The man who consecrated the National Heroes Acre and officiated at the burial of Zimbabwe’s first national heroes, Josiah Tongogara and Jason Ziyapapa Moyo.
By Br. Alfonce Kugwa
When Alexio Much
abaiwa was born in Hwedza in 1939 no one ever dreamt the new born boy would become a priest, let alone a Catholic bishop. Instead, he was named “Churu” as his parents thought he would not live long after they had suffered the death of their firstborn child in infancy.
The name Churu suggested Alexio would be interred on an anti-hill that served as a family burial ground. But God’s ways are different from our ways.
This year, Bishop Muchabaiwa has landed 50 years as a Catholic priest and at 79 he is still fit and strong to minister to God’s people.
Born of Thomas and Lydia Muchabaiwa in Hwedza, under headman Chigwedere in Chief Svosve’s area, Alexio’s road to priesthood was not smooth like most priests of his generation who met with stiff resistance from their parents who thought priesthood was the preserve of white missionaries. Alexio’s father actually stopped him from going back to Kutama where he was studying, and he was forced to remain home herding cattle. This was in a bid to block him from missionary influence.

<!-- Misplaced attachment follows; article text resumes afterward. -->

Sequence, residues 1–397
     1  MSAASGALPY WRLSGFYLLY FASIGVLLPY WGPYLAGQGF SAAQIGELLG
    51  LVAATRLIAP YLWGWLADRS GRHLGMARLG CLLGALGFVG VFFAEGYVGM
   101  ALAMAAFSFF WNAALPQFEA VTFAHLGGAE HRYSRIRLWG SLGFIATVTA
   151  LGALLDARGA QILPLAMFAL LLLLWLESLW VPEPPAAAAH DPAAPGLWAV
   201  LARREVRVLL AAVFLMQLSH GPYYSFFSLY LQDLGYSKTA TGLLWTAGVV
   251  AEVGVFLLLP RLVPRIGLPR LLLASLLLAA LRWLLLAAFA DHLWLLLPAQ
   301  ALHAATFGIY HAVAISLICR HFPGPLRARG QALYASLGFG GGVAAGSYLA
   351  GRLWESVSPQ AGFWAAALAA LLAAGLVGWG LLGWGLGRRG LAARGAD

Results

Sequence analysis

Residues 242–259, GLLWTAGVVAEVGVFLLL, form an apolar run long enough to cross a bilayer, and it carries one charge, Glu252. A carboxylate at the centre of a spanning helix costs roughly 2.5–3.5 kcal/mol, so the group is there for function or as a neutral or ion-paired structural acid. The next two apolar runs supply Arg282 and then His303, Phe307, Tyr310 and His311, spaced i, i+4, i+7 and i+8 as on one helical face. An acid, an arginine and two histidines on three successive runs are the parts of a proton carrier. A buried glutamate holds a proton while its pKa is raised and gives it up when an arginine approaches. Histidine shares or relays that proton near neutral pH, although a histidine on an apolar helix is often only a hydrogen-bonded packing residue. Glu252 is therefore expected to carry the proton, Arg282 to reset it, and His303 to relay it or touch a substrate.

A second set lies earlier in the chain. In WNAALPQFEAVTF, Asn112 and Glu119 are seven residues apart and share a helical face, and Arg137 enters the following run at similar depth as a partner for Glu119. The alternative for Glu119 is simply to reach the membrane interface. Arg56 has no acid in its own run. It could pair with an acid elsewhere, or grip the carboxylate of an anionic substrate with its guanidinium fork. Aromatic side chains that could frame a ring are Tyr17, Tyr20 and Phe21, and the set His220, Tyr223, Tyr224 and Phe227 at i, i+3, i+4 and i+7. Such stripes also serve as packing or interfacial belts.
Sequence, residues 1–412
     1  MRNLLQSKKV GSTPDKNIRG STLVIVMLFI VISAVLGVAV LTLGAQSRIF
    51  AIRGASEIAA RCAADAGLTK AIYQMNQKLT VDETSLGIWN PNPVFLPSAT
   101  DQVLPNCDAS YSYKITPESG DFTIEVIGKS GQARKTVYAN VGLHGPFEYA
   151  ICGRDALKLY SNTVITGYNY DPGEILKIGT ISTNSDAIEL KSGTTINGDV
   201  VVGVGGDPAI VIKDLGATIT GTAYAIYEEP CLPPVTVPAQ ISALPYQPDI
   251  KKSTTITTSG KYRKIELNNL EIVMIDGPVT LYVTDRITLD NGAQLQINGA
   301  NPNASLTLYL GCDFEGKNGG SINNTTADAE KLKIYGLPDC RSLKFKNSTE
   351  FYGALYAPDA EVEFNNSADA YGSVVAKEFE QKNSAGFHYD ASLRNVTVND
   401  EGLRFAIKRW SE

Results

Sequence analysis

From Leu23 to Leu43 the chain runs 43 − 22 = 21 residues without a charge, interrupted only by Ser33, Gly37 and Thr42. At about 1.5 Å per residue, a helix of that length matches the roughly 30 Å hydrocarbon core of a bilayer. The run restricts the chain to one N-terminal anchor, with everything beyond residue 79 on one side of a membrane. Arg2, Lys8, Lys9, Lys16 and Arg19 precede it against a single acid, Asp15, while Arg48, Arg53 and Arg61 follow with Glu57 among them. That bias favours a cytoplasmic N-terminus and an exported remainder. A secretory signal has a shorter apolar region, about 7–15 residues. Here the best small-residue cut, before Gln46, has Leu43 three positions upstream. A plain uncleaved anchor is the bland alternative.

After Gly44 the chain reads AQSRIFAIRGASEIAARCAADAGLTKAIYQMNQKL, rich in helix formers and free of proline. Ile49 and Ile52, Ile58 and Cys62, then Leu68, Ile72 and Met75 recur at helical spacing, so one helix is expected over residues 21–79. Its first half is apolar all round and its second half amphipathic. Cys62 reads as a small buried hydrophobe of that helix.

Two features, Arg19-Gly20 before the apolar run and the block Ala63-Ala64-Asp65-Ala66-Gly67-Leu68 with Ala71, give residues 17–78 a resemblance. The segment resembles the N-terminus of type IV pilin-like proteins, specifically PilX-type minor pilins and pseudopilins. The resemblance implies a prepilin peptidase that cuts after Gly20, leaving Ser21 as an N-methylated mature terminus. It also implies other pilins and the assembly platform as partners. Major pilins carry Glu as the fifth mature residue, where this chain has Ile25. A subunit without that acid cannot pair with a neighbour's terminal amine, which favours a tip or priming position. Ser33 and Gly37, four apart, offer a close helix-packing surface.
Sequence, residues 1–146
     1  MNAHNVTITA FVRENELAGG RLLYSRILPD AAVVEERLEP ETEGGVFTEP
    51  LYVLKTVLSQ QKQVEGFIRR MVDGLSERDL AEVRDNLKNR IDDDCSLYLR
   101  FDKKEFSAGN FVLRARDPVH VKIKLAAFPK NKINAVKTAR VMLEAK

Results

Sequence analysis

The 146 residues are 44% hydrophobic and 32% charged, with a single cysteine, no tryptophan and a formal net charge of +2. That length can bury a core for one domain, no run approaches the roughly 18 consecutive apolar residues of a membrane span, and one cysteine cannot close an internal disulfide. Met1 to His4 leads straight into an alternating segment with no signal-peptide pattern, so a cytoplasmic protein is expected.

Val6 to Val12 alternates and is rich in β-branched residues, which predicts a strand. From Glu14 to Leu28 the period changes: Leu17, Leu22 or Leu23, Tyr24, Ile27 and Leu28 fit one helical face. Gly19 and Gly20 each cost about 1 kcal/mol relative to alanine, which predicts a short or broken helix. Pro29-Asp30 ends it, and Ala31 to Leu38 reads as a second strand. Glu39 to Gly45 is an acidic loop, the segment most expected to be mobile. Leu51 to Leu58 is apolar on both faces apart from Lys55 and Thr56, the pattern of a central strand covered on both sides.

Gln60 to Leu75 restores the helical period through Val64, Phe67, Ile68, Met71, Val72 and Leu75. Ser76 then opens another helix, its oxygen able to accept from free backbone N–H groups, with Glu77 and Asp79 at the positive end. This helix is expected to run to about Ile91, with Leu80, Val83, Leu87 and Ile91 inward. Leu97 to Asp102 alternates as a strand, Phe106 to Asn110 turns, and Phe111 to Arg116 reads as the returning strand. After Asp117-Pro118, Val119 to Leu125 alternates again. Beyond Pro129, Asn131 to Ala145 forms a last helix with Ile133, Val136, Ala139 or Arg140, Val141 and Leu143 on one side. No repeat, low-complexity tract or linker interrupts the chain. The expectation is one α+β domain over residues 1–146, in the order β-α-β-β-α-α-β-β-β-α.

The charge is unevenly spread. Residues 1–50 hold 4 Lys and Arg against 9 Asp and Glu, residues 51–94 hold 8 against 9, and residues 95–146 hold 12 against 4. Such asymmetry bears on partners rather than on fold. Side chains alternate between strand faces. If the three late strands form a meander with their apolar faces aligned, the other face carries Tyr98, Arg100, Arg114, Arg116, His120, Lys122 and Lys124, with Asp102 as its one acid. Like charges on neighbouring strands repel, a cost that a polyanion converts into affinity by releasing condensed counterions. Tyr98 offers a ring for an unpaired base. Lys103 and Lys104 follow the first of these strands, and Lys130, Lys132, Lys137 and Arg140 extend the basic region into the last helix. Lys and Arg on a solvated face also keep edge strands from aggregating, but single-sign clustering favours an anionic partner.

Alexio was only granted permission to go to Harare to look for employment and not to go to the Seminary.
“The issue troubled my father who stopped me from pursuing my studies at Kutama where he thought I was getting the influence. For some time I was herding cattle at home. After some reflection, I then asked him for permission to go to Harare to look for work and he conceded. I found work in Harare but the idea of becoming a priest did not go away,” said Bishop Muchabaiwa.
It was after protracted engagements with his father and the intervention of his grandfather that he was allowed to join the Seminary in 1957. Eleven years down the line Fr. Alexio was ordained as a priest in 1968. His classmates were Fr. Makunde ordained the same year at Makumbe Mission and later joined the Anglican Church and the late Fr. Cosmas Katuruza, ordained at St. Michael’s Mhondoro.
After his ordination Fr. Muchabaiwa worked at Makumbe Mission where he replaced then Fr. Patrick Chakaipa from 1969-1972. In 1973, he went to Gaba Institute in Uganda to do a diploma in Pastoral Theology. On his return in 1974, he was posted to St. Mary’s Highfields with Fr. Isdore Chikore before he moved to Chishawasha Major Seminary to become Spiritual Director of the students during Fr. Tobias Chiginya’s tenure as Rector.